Jurgen Klopp cut a frustrated figure after claiming Manchester United’s long-ball tactics cost Liverpool three points in a “wild” derby.
A draw was probably fair given how the match panned out, albeit the result does little to boost either side’s title chances.
But unlike October’s drab, goalless draw at Anfield, the 50th Premier League meeting of the bitter rivals lived up to the billing in terms of entertainment and energy at Old Trafford.
Liverpool looked set to give the hosts a bloody nose as James Milner fired home a first-half penalty after Paul Pogba, whose Twitter hashtag was advertised around the pitch, inexplicably handled a corner in the box. However, the world’s most expensive player’s blushes were saved six minutes from time by another big-name summer acquisition as Zlatan Ibrahimovic directed home Antonio Valencia’s cross with his head to snatch a point. The Swede has now scored 14 goals in his first 20 Premier League games since joining last summer.
Klopp, pictured inset, was frustrated to have conceded a late equaliser, which the Liverpool boss believes was the result of United’s direct style that ended up with the ball spending “25 minutes in the air”.
“We needed to be brave, we created the spaces we wanted, we scored the goal,” said Klopp. “In the end period of the game when United started playing long balls – [to] Marouane Fellaini and Zlatan Ibrahimovic – after 80 minutes [of] high intense football, it is really hard.
“I hoped we would have a bit of luck, unfortunately not, but all good. It is so intense. They play long balls. It was a wild game. There was a lot of action in the last few minutes. We were here to win the game, which is why we are not 100 per cent satisfied.”
Klopp, who handed 18-year-old Trent Alexander-Arnold his first Premier League start at right-back, was proud of his players’ display given Liverpool were without a number of key men against a United team on a nine-match winning run in all competitions.
The German had no hesitation in restoring Simon Mignolet in goal, despite the midweek heroics of Loris Karius in defeat in the EFL Cup semi-final first leg at Southampton.
Klopp has now lost just one of his seven meetings with Jose Mourinho, with whom he clashed towards the end of the match after an incident involving Roberto Firmino and Ander Herrera. Both managers downplayed the issue, though, Klopp saying: “We could not have the same opinion in this moment.”
Liverpool’s manager was unwilling to speak about a potential offside in the build-up to United’s equaliser or a Wayne Rooney challenge on goalscorer Milner, while Mourinho was coy on the spot-kick conceded by Pogba.
The United manager had few arguments about referee Michael Oliver’s overall display, but used the penalty as a chance to make a point of his own.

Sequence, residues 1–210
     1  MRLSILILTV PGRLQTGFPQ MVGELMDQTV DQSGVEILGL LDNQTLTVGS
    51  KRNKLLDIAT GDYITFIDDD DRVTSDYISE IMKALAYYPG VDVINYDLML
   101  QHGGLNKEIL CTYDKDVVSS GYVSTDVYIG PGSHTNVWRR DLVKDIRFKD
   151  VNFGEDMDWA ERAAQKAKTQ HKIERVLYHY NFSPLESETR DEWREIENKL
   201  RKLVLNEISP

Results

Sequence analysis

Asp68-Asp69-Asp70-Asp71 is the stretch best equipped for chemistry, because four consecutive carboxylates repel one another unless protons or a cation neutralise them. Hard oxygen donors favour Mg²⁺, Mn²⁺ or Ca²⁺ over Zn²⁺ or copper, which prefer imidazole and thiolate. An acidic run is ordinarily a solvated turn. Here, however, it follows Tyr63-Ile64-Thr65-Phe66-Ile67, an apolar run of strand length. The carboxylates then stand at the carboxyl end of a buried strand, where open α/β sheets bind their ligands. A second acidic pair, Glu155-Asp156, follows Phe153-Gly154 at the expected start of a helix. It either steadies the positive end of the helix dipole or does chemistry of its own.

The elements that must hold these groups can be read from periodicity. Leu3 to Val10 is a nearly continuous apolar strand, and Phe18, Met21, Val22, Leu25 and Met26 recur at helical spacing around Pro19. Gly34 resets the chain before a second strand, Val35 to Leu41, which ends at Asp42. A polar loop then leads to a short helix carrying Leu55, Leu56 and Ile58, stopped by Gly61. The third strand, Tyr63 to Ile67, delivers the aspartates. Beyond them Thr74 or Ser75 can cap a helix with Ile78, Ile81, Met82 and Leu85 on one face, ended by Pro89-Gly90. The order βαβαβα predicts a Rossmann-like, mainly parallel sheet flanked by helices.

“I don’t know,” he said. “I don’t know, I didn’t watch. But the referee was very close, so probably it is a penalty. The problem with the penalties are they are just a criteria – sometimes you give, sometimes you don’t – and it is amazing that 21 Premier League matches, plus three in the League Cup, plus one in the FA Cup is 25.
“In 25 matches, we had one penalty – it is something for the Guinness [World Records] – but today was in our box and I didn’t watch. I have to believe that was a penalty and I am happy for the referee if it was a penalty because his record for us this season is three matches, three penalties against. So if this time it was a penalty, I am happy for Michael.”
Mourinho clammed up when asked if he was claiming bias against his side – “no, no, you use that word, I don’t,” he said – but his frustration at failing to win was clear.
“I think it was a very emotional game,” the United boss said. “I believe very entertaining, I believe every player – our players, Liverpool players – are very tired because they gave everything they could until the limits.
“I didn’t watch, but it looked like the referee had a good performance, but I think Manchester United can play better than we did.
“And, in spite of it not being my problem, I think Liverpool can play better than they did because I have watched them play many times.
“So I think in terms of quality, the game was below the quality of both teams, but in terms of a proper Premier League match, a proper derby – it had a lot for the people to enjoy.
“We were the team that attacked and Liverpool were the team that defended – let’s see if the critics are fair. I enjoyed it but I will obviously be disappointed we didn’t get the three points.”